UK car production fell -9.7% in August, following six consecutive months of growth, as 45,052 models rolled off factory lines, according to the latest figures published today by the Society of Motor Manufacturers and Traders (SMMT). Typically the smallest volume month of the year with often variable summer shutdowns which can lead to large percentage variations, August’s output was in part affected by extended production pauses at some plants for planned maintenance and upgrades as car makers gear up to produce the next generation of electric vehicles.
Production for the domestic market declined by more than a quarter (-25.2%), while output for export fell by a less pronounced -5.5%, equivalent to 2,150 units. The decrease was driven largely by a decline in shipments to the US, China and Japan, down -58.6%, -24.5% and -37.8% respectively. The EU, meanwhile, remained the UK’s biggest global market with almost six in 10 exports heading for the bloc (57.9%) – representing an 11.5 percentage point uplift in shipments from last year after volumes rose 17.8%.1
In the year to date, overall production continues its double digit gains, rising 11.8% to 571,671 units.2 Both home and export volumes are up in the first eight months of the year, by 2.5% and 14.4% respectively.
Manufacturing of the latest and greenest vehicles continued to prove a bright spot, with a 14th consecutive monthly gain. August showed combined volumes of electrified vehicles rose, albeit modestly, by 2.8% to represent nearly two in five (36.6%) of all cars made, equivalent to 16,511 units. Since January, car makers have turned out 216,922 of these crucial vehicles, an uplift of 84,310 on the previous year, evidence of the UK’s capability to be a leader in zero emission production.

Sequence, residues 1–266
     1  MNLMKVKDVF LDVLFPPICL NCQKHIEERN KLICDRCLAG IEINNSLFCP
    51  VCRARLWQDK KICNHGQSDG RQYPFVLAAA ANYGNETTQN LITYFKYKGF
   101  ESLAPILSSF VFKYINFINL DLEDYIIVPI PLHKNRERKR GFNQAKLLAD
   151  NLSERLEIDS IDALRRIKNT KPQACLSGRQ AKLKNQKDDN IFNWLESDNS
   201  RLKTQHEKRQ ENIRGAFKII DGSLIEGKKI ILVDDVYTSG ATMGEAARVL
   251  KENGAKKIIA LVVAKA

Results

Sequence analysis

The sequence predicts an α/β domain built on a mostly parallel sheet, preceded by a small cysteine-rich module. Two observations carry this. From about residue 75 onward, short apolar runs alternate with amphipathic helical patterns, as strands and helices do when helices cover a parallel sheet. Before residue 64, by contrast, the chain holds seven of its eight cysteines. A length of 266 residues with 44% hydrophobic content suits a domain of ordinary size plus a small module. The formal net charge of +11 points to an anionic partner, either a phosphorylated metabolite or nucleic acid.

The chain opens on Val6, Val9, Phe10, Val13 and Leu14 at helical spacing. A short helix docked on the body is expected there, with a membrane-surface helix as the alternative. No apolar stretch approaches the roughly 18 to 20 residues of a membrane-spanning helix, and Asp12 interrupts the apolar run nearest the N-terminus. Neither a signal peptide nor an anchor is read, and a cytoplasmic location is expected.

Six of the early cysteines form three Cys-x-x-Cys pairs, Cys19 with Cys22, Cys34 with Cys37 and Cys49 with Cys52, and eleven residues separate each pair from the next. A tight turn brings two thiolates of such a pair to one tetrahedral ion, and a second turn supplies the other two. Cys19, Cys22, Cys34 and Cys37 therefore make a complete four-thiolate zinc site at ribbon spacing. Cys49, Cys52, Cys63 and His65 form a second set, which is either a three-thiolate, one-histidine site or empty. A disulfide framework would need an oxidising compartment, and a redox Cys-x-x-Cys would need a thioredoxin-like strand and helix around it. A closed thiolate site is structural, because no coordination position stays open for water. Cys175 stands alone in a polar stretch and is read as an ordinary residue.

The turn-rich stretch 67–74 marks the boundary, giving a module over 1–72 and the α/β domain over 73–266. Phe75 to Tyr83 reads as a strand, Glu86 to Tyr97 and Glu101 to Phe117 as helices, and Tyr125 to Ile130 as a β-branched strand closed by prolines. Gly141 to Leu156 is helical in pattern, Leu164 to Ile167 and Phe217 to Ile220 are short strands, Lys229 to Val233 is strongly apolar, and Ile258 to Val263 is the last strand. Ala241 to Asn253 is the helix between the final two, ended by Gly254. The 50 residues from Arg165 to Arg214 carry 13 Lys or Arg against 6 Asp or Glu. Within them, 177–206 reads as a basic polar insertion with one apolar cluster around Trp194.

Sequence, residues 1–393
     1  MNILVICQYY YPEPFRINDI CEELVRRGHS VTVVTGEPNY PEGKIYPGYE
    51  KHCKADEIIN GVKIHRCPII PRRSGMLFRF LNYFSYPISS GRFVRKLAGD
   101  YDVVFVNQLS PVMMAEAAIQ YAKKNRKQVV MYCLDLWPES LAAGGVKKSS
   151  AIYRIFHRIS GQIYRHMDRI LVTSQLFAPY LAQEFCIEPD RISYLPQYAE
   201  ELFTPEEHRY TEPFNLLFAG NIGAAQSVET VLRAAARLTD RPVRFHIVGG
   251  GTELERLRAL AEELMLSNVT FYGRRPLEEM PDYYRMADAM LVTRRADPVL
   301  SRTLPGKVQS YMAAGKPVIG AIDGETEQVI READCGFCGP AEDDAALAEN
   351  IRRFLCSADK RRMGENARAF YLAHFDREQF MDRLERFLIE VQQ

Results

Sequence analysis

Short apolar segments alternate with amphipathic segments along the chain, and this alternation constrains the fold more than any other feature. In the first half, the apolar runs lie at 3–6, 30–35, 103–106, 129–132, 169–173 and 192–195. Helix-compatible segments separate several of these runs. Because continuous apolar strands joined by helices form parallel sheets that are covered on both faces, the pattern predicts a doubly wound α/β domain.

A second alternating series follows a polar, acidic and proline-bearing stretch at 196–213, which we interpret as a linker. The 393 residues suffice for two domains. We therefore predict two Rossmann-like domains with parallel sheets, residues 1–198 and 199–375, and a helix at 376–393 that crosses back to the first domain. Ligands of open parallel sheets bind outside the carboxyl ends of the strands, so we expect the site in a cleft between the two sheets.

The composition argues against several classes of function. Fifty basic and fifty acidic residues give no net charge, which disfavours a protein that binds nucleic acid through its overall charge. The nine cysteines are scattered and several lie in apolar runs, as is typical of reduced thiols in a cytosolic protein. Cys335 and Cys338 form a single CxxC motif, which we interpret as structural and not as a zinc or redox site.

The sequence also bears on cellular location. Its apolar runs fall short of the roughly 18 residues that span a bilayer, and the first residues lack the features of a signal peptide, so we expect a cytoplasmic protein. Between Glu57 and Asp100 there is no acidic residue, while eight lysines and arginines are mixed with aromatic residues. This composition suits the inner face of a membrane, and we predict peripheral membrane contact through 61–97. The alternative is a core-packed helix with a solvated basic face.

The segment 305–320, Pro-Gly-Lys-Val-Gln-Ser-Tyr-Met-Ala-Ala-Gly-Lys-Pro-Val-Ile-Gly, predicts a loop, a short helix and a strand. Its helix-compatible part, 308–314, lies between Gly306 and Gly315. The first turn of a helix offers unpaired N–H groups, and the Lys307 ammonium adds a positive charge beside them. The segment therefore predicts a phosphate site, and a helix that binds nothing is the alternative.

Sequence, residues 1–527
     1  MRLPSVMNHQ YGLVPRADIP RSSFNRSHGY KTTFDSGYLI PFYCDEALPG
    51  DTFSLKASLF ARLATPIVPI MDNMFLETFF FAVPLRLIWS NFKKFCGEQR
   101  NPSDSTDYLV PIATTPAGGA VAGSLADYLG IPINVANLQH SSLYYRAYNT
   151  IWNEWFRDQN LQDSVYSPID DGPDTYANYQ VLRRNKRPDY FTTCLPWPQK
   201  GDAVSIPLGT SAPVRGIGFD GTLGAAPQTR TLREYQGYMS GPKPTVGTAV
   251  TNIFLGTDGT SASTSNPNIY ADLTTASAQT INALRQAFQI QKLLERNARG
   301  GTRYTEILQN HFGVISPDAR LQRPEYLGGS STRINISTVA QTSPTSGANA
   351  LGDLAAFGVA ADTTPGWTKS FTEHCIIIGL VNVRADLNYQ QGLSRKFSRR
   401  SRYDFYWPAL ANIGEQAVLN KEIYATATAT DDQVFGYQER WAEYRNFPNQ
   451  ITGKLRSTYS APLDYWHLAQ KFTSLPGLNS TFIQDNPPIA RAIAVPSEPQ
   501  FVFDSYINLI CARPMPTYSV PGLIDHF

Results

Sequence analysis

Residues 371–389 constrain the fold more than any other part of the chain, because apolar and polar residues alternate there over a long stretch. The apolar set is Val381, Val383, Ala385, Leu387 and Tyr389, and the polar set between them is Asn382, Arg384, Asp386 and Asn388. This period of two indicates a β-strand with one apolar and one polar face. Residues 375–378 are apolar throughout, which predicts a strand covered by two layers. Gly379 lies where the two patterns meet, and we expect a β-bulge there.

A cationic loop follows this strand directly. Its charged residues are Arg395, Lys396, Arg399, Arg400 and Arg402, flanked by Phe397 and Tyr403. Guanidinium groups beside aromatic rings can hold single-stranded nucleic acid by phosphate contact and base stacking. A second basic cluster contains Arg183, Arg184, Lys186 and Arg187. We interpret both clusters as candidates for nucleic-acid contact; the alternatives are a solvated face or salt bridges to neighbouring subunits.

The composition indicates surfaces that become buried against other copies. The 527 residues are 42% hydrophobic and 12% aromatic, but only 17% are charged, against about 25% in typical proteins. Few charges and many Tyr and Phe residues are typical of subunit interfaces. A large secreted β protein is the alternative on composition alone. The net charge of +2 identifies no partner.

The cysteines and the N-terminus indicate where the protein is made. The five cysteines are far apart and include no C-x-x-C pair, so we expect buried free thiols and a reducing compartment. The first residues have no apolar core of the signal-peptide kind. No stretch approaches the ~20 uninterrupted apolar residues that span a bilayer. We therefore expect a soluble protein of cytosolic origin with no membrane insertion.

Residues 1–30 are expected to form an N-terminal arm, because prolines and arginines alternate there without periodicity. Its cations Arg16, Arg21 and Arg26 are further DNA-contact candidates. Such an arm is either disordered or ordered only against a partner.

Mike Hawes, SMMT Chief Executive, said,
After six straight months of growth, a decline in UK car output in what is always the smallest and most variable volume month, is not a cause for concern. With car manufacturers taking advantage of the summer holiday season to upgrade their plants, this is part of an ongoing commitment to deliver the next generation of electric vehicles, with a record number of these models already being made. To secure future investment, however, we need business certainty, not least a UK-EU agreement to delay tougher rules of origin that would damage the competitiveness of electric vehicles in both the European and British markets and concrete details from the UK government on the regulation compelling the sale of EVs in Britain. Both are due to commence in less than 100 days and are essential to business planning and investment for 2024 and beyond.